- Brussels Sprouts
Some people who are found to be iron deficient are actually struggling with other deficiencies, such as Vitamin B12 deficiency, folate, or magnesium deficiency. These nutrients work synergistically with iron for absorption. So if you are found to be iron deficient then it would be beneficial to have tests done to see whether another nutrient deficiency is complicating things.
Sticking with food sources of iron is best since foods contain a wide variety of other nutrients that all work synergistically for proper absorption in the body. Make sure you eat your colors and include one large salad loaded with lots of vegetables every day. There are many yummy and healthy salad dressing recipes out there that can make a big salad feel very filling and satisfying.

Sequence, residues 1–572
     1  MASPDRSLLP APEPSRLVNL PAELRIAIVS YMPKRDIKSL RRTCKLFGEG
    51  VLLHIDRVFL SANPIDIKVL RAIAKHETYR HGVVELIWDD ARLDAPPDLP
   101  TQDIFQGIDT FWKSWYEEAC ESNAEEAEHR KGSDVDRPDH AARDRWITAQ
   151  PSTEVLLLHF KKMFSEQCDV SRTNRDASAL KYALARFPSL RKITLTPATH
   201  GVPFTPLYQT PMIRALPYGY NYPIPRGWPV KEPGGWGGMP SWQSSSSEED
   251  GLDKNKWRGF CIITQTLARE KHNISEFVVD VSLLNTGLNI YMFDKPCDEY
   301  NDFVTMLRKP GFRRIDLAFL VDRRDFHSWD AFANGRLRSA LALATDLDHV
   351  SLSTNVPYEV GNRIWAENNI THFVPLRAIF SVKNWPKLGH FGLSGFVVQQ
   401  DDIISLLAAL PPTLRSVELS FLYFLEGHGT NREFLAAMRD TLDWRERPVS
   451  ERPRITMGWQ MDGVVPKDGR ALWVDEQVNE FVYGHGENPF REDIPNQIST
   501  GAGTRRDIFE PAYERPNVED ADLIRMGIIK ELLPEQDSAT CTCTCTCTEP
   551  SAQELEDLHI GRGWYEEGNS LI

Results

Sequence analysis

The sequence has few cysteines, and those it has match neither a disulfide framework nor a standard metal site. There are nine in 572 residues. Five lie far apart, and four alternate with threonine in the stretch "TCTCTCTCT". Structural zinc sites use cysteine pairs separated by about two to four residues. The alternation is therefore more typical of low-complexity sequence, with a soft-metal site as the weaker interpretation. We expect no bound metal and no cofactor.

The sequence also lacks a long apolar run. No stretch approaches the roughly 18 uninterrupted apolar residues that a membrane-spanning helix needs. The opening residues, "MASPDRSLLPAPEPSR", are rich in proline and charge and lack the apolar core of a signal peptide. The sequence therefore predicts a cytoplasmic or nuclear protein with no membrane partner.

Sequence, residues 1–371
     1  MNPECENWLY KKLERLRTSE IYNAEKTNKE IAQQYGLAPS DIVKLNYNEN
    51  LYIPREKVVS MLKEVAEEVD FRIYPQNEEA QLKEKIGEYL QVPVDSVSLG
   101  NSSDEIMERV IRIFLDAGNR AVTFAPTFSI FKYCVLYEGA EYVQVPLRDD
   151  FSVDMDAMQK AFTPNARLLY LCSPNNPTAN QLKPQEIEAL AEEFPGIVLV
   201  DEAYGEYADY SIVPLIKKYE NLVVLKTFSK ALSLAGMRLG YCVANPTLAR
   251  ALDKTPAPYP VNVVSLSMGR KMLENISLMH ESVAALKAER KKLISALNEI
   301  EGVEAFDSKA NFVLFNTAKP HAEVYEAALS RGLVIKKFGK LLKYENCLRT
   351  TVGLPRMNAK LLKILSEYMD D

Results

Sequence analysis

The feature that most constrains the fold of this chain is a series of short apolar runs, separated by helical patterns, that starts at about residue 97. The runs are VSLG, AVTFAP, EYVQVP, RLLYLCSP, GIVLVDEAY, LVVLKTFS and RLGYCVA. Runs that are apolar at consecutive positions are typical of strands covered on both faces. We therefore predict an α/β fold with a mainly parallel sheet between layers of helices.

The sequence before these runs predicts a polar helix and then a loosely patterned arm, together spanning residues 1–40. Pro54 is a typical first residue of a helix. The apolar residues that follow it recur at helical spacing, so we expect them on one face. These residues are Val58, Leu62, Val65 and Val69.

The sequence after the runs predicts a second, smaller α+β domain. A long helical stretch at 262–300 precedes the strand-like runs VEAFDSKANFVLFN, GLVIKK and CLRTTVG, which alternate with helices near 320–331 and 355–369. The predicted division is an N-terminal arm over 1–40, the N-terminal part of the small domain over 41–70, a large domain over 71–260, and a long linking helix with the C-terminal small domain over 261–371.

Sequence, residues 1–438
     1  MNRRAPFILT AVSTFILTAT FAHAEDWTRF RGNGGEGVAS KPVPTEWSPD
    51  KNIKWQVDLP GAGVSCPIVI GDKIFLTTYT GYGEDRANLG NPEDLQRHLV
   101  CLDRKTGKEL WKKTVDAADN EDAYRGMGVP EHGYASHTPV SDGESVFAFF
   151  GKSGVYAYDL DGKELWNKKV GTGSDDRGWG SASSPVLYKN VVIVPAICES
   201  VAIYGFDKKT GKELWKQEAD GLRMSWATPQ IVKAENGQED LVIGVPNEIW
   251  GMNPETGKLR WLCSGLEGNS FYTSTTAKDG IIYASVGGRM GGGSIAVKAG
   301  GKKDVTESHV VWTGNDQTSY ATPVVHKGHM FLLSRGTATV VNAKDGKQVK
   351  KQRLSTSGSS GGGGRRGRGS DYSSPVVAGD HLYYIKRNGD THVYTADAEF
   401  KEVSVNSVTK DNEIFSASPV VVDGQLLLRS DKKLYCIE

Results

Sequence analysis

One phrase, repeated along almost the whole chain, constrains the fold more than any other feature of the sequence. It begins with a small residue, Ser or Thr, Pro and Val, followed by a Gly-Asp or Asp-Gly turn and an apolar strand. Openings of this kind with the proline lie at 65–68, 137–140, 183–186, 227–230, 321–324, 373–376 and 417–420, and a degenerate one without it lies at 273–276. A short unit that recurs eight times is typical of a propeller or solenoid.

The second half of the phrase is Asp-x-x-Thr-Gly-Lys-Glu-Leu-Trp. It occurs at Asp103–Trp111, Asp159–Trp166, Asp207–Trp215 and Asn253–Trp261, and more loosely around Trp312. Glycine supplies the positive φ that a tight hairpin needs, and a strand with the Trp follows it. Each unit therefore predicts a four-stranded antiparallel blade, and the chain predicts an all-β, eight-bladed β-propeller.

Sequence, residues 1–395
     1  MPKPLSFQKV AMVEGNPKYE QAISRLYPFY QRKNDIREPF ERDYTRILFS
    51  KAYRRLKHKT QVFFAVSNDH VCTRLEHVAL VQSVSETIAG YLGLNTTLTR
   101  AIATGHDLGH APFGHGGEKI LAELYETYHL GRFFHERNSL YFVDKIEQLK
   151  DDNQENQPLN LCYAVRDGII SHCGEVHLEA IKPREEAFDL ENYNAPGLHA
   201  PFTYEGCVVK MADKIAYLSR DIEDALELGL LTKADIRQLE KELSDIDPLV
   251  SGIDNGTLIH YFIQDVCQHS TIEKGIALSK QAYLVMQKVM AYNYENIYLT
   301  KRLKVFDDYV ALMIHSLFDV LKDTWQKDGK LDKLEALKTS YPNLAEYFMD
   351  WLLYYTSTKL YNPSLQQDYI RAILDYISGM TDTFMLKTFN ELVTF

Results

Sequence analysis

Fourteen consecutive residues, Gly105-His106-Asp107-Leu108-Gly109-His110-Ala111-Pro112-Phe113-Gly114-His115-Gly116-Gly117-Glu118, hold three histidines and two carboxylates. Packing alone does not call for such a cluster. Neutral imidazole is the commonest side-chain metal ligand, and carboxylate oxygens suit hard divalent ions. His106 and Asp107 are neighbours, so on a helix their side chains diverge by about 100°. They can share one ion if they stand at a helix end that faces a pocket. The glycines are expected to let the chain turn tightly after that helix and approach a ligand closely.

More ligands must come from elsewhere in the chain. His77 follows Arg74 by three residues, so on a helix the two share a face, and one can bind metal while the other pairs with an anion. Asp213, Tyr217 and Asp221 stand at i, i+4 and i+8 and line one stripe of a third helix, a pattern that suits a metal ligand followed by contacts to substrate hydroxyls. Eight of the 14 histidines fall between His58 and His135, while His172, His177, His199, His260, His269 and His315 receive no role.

Have you struggled with iron deficiency? What do you do to make sure your iron levels are in tip-top shape?
Thank you for writing this article, it is so encouraging! I struggled with iron deficiency last year because of a huge blood loss due to sudden female health issues. Along with taking an iron supplement, I started eating lots of leafy greens and beets and drinking beet juice at nearly every meal for about 3-4 months. It helped my body to heal and now my iron levels are at normal. I’m so thankful for foods that heal, and for learning about them through reading articles like this one.